HP has expanded its recycling program, adding Office Depot as a retailer that will offer HP ink recycling, and says its Everyday Paper line in North America is now Forest Stewardship Council certified.
This North American certification joins HP’s existing FSC-certified portfolio in Latin America.
The company says more than 40 percent of its total tonnage worldwide is now FSC-certified and/or contains at least 30 percent post-consumer waste. HP’s goal is that 50 percent or more of HP-branded paper will be FSC-certified or have at least 30 percent post-consumer waste content by the end of 2015.
HP has also expanded its return and recycling program in an effort to help printing customers reduce their environmental impact, the company says.
The program, HP Planet Partners, enables customers to recycle used original HP cartridges in 56 countries and territories. Office Depot, in its inaugural year supporting HP’s Planet Partner efforts, will offer HP ink recycling in more than 1,100 stores across the United States.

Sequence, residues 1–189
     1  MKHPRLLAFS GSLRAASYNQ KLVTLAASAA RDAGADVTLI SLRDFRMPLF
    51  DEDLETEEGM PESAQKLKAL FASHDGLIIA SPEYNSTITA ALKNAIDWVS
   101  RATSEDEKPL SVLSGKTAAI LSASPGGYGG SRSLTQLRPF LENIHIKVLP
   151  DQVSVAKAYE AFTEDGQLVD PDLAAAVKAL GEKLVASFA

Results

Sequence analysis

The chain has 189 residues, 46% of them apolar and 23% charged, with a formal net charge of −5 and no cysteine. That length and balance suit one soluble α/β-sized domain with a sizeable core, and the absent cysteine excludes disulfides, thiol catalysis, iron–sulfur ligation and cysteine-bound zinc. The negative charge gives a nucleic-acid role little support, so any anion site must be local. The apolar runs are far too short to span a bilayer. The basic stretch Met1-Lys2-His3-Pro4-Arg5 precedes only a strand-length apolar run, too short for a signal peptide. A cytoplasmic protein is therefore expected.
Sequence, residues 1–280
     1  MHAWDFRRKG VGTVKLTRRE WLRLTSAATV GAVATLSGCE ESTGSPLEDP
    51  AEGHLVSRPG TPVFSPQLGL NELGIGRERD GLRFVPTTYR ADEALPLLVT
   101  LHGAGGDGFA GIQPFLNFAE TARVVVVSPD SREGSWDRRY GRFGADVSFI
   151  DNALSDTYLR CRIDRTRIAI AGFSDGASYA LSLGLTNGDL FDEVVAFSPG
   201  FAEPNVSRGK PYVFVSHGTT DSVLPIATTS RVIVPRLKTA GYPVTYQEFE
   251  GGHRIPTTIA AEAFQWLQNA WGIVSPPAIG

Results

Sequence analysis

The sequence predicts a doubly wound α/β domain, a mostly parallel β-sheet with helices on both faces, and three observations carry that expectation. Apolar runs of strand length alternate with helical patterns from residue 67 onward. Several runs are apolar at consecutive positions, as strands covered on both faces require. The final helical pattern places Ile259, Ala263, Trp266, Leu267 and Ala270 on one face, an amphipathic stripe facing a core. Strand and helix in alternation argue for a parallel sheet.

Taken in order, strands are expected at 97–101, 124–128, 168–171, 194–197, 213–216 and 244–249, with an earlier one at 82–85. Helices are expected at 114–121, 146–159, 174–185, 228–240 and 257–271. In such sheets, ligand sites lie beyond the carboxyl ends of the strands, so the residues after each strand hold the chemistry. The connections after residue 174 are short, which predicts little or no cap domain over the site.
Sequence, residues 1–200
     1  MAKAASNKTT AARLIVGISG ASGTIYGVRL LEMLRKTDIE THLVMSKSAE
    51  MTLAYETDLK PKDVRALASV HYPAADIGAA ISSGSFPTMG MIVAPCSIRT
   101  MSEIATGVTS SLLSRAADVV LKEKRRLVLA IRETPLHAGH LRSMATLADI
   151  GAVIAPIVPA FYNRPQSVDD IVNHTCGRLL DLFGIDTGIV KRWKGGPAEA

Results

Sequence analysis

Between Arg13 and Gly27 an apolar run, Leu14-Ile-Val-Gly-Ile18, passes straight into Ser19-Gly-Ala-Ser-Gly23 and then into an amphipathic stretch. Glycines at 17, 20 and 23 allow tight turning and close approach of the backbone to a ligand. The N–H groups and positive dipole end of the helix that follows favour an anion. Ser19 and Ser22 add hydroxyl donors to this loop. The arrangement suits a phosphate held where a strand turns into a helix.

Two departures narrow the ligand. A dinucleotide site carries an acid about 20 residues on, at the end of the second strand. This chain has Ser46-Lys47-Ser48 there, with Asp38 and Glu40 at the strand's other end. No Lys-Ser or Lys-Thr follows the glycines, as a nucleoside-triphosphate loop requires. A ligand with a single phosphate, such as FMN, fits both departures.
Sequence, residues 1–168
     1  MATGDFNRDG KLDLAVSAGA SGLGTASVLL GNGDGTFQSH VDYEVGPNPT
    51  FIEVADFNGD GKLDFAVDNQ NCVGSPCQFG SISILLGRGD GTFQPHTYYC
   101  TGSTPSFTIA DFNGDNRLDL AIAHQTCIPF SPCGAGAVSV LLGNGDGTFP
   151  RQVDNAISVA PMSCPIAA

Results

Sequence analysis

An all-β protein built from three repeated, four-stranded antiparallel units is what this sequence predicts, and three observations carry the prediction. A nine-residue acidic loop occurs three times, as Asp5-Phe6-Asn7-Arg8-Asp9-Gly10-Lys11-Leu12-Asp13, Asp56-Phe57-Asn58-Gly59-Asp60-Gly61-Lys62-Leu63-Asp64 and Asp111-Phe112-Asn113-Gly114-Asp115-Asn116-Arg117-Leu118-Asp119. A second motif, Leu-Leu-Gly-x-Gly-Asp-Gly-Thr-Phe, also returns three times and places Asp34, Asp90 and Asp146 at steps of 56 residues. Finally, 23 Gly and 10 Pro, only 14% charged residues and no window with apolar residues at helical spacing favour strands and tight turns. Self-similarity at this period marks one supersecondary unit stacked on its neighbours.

Collaborating with retailers such as Office Depot, Office Max, Staples and Walmart, HP is expanding its cartridge collection network, which is anticipated to include more than 9,000 retail outlets worldwide. Staples has supported HP recycling efforts for more than five years and expanded in 2012 to include free hardware recycling across North America. Together, HP and Staples have collected more than 40 million pounds of ink and toner cartridges and hardware for recycling.
To date, HP customers worldwide have recycled more than half a billion HP ink and LaserJet toner cartridges with HP Planet Partners, the company says. Through this and other efforts, HP aims to recycle 3.5 billion pounds of electronic products and supplies by the end of 2015.
HP’s closed loop plastics recycling process uses plastic from recycled original HP ink and toner cartridges and other post-consumer sources to create new cartridges. To date, HP has used more than 118 million pounds of recycled content, keeping 280 million cartridges and a milestone of 2 billion post-consumer plastic bottles out of landfills, the company says.
In addition, HP says when compared to new (or virgin) plastic, the recycled plastic used in its ink cartridges produced in 2010 and beyond has up to an estimated 33 percent smaller carbon footprint than virgin plastic in its original ink cartridges — even when accounting for the impact associated with collecting, transporting and processing used cartridges and plastic bottles. HP also estimates this plastic reduces total water used by up to 89 percent.